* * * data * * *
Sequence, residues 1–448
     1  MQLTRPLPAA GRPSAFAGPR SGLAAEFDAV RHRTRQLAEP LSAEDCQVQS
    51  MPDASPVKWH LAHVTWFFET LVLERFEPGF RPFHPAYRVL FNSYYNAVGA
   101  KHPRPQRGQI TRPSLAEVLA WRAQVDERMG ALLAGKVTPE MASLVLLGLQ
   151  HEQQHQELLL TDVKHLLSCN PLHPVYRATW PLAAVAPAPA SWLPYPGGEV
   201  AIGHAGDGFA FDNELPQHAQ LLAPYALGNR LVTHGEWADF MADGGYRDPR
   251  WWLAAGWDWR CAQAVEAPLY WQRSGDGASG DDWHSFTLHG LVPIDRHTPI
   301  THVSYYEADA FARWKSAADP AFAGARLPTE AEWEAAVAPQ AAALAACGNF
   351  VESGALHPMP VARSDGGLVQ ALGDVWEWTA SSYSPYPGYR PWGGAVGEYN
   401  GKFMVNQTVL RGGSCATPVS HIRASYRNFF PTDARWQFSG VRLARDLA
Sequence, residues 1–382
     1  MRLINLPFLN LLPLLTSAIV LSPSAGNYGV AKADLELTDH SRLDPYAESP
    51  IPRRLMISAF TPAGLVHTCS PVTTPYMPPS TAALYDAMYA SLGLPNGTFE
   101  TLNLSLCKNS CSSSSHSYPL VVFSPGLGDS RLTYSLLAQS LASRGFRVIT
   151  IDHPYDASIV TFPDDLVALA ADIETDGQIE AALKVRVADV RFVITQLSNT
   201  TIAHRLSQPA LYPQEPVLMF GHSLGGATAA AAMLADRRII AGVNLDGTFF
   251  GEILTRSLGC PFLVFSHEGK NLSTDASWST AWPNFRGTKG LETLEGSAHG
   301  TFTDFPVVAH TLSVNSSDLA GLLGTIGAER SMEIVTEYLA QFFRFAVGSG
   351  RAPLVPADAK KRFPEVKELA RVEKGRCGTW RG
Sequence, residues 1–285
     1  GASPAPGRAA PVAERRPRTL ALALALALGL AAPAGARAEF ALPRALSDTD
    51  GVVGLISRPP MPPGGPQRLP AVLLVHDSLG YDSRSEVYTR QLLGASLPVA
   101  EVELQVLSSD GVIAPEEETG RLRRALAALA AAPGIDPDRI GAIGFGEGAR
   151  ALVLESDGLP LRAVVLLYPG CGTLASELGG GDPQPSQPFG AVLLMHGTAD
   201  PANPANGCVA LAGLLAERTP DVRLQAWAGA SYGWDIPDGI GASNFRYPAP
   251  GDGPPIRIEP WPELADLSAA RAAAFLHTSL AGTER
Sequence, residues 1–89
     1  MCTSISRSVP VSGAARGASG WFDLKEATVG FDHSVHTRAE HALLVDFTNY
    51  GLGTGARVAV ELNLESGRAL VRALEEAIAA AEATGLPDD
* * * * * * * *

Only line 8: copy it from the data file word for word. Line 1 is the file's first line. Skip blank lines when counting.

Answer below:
   301  THVSYYEADA FARWKSAADP AFAGARLPTE AEWEAAVAPQ AAALAACGNF